Comet Goes Bye-bye As Sun Goes Boom

The picture at left was taken with the C2 coronagraph aboard the space-based SOHO telescope and shows the comet just before it slid behind the occulting disk (red circle). Could the brightening in its tail be disintegrating fragments from the comet's head vaporizing in the solar heat? The right side photo, taken a few hours later, shows a spectacular CME. Credit: NASA/ESA

Our bright little comet didn’t make it yesterday, but its death was marked in spectacular fashion by a coincidental CME or coronal mass ejection from the sun’s eastern hemisphere very near the time of the comet’s perihelion, or in this case, its final end. Too bad no one could see this comet visually because of how close it was to the sun, but thanks to SOHO, we can watch its demise frame by frame. Check it out the action at this link. You’ll want to scroll down to the pictures marked either C2 (narrower, more magnified view of the sun and corona) or C3 (wide field). A good place to start is with the picture labeled 20111001_1330_c3.gif

A sketch made at the time of Comet Tewfik, also known as the "Eclipse Comet", near the eclipsed sun.

I like to think that had there been a total solar eclipse yesterday, the view of the brilliant comet so near the sun would have been an unforgettable sight. This actually happened on May 17, 1882 when a team of astronomers gathered in Egypt to observe and photograph a total eclipse of the sun. During the middle of totality observers noted a “luminous streak” near the sun about the brightness of the corona. There were no coronagraphs in those days, and no one was expecting a comet, so it came as a surprise. One observer noted that the nucleus or central brightening inside the comet’s coma was sharply defined and the tail curved. Read more about Comet Tewfik HERE.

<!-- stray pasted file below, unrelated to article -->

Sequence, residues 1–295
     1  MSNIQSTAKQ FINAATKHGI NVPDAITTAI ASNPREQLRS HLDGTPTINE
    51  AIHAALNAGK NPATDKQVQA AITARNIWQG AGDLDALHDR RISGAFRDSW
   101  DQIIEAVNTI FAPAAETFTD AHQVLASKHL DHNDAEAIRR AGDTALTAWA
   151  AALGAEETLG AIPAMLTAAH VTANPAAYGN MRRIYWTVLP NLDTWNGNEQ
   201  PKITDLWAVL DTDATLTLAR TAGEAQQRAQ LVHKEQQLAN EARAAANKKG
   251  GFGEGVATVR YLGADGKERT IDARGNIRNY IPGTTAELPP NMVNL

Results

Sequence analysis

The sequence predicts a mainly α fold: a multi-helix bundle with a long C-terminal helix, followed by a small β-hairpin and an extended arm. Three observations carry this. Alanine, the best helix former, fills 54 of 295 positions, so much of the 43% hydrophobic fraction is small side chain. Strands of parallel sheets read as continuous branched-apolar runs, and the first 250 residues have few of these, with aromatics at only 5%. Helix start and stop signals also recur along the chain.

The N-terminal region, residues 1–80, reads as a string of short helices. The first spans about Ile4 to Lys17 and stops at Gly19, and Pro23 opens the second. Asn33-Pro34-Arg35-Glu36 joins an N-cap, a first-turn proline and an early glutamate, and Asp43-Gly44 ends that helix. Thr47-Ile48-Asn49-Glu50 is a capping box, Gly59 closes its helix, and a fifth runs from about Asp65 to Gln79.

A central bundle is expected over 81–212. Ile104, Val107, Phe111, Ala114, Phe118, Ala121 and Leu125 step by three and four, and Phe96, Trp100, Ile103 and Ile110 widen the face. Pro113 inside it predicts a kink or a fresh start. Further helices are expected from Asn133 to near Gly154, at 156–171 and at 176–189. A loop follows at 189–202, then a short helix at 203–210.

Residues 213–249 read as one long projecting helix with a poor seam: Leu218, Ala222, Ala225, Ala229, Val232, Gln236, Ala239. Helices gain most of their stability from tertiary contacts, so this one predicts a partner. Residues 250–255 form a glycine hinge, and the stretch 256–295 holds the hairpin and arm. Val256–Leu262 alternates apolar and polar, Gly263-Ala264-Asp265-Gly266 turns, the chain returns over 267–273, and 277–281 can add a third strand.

Right around the time of the comet’s impact or vaporization by the sun, a large coronal mass ejection (CME) erupted from the left or eastern side of the sun. CMEs are huge bubbles of gas threaded with bits and pieces of the sun’s magnetic field often associated with eruptions of solar flares. If directed toward Earth – and this one wasn’t – CMEs can affect radio communications, damage sensitive satellite electronic components, kick-start an awesome display of northern lights or overload unprotected power grids causing blackouts.